I have always liked the idea of being “discovered.” I blame the movies for this. You know the drill: bright-eyed ingenue comes to the big city lugging an overstuffed suitcase, pratfalls across a pile of newspapers, bumps into the movie mogul who’s gonna make them a stah, kid, a big stahhhh. (In related news, perhaps I should start watching films made after 1947.)
But needless to say, this never happened to me. No matter how many times I put on my oversized sunglasses and walked to Duane Reade, hoping some off-duty paparazzo might mistake me for Natalie Portman with an Old Navy fetish and a reverse nose job, I remained stubbornly unnoticed. To make myself feel better, I rationalized that perhaps that was a writer’s–and a mother’s–destiny; we work in the shadows, under cover of (at least metaphorical) darkness, kind of like Batman if, instead of the Batsuit, he were fond of donning Christmas pajamas. In February. At 4 pm. Most people never see us as stars. We’re more like the atmosphere: essential, but invisible.
I had never considered reading my words on stage before I heard about Listen to Your Mother, and given that I found out about the auditions four months postpartum as a brand-new mom, still living in a dense fog of exhaustion and baby vomit, I did not feel especially prepared for public viewing. But still, I had a gut feeling that I needed to peel off my snowflake pajamas, take the subway to midtown Manhattan, and give the audition a shot. I never felt that *ping* of recognition that some people say they get when they meet their future spouse, but I felt it when I discovered LYTM.
Incredibly, I got picked. I spent two months getting to know a dozen other brilliant, hilarious, deep and insightful women (and one admirably undaunted man)–some writers, like me, some actors, some executives, some teachers, some stay-at-home moms. A few of my fellow cast members didn’t have any children, but wrote about their own neurotic mothers, or their own ended pregnancies. Not a rehearsal went by without belly laughs and tears. We were intrepid explorers of each other’s stories, discovering new hilarity and heartbreak each time they were read aloud.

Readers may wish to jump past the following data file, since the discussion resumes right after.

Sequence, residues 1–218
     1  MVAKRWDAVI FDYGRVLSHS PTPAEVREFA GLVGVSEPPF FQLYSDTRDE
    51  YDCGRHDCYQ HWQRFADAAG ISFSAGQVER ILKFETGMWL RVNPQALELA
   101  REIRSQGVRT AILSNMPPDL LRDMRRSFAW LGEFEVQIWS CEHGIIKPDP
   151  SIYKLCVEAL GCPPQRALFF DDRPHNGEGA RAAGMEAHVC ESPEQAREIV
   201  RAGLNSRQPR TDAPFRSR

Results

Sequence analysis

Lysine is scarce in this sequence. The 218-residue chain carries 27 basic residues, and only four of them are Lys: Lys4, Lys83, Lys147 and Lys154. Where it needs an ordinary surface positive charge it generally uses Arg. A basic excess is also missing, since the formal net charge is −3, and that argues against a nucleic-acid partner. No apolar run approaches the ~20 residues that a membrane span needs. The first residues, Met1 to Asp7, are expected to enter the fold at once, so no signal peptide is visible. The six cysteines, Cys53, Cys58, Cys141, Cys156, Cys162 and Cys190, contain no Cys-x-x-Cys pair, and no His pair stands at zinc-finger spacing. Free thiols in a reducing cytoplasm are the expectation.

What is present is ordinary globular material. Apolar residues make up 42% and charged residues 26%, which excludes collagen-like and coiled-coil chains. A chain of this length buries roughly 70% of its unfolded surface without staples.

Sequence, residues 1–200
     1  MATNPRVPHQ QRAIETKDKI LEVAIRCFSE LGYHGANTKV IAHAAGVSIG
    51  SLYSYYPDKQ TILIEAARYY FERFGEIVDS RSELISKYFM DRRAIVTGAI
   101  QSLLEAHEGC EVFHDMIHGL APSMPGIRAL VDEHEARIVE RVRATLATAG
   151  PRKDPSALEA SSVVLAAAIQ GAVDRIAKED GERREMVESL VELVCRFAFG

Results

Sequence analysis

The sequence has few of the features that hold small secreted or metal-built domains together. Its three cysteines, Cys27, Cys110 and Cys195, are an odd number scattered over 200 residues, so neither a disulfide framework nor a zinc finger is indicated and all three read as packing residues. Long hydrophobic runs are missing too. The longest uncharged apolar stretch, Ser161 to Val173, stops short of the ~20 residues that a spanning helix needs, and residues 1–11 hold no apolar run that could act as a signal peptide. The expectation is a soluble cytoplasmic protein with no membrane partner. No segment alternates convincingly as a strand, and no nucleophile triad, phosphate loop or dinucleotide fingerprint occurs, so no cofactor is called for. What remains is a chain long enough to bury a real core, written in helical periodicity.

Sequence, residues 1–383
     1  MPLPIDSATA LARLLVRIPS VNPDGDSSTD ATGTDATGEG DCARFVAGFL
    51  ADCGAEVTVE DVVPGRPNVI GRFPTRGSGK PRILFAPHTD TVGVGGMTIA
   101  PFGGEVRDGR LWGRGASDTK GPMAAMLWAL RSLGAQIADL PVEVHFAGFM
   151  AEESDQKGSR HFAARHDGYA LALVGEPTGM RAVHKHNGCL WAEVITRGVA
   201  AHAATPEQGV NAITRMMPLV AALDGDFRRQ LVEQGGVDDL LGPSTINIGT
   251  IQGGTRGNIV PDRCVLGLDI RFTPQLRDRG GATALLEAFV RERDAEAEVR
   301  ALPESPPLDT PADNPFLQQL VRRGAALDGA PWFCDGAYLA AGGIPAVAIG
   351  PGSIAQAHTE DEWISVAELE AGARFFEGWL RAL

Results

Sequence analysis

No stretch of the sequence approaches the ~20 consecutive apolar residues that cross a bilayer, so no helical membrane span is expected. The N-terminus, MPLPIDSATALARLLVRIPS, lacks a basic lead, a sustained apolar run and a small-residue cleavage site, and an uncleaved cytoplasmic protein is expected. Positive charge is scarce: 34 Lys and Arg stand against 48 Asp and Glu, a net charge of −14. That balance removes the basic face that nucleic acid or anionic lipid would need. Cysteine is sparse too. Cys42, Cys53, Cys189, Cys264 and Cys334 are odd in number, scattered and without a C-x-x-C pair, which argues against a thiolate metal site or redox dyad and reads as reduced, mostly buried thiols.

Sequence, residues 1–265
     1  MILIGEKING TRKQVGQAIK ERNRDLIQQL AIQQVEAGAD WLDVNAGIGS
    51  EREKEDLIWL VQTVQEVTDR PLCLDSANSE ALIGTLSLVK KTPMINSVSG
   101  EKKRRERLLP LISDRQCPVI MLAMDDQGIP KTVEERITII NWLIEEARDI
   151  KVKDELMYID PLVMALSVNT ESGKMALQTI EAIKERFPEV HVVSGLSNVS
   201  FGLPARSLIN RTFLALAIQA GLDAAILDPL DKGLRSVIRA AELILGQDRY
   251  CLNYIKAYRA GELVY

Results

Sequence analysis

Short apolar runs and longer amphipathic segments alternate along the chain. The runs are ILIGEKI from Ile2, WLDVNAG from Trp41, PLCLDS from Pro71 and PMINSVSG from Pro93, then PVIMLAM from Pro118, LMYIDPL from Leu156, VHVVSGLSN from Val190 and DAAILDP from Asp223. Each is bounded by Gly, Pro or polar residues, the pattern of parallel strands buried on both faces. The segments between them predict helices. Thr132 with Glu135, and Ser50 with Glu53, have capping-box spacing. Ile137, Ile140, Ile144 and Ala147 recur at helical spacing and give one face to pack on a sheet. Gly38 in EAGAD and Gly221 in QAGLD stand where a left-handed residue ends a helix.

The day of the show was a heady blur. Everyone killed; the audience hung on our words–really seeing us, and not just because of the blinding spotlight trained on our flop-sweaty faces. I’d been writing for six years and yet I’d never spoken my own words out loud to anyone who wasn’t a blood relative. It was–and I don’t use this phrase lightly, since I generally avoid associating myself with Wall Street tycoons and fascist dictators–a power trip.
The next afternoon, still riding the adrenaline rush, I opened my email to find a message from a literary agent. She’d been in the audience, supporting her client, Some Nerve author Patty Chang Anker, and she’d loved my piece. She’d heard my voice. She wanted to know if she could take me out for coffee and try to convince me to write a book.
I stared down at my BlackBerry. Could I have somehow switched phones with Natalie Portman? If so, it was extremely strange that she was using a photo of my child with his head in a bucket as a screensaver. I composed a not-at-all restrained reply in which I admitted that I was worried I’d had a complete mental breakdown and hallucinated our exchange just to fulfill my fantasy of being discovered by a literary agent. For some reason, she still wanted to get coffee.
We met, we fell in love (metaphorically). My book comes out next year. None of it would have happened without Listen to Your Mother. So if you’re feeling that *ping* that tells you to get out and audition, don’t ignore it. Words are powerful. YOUR words are powerful. And there’s just no telling who they’ll reach.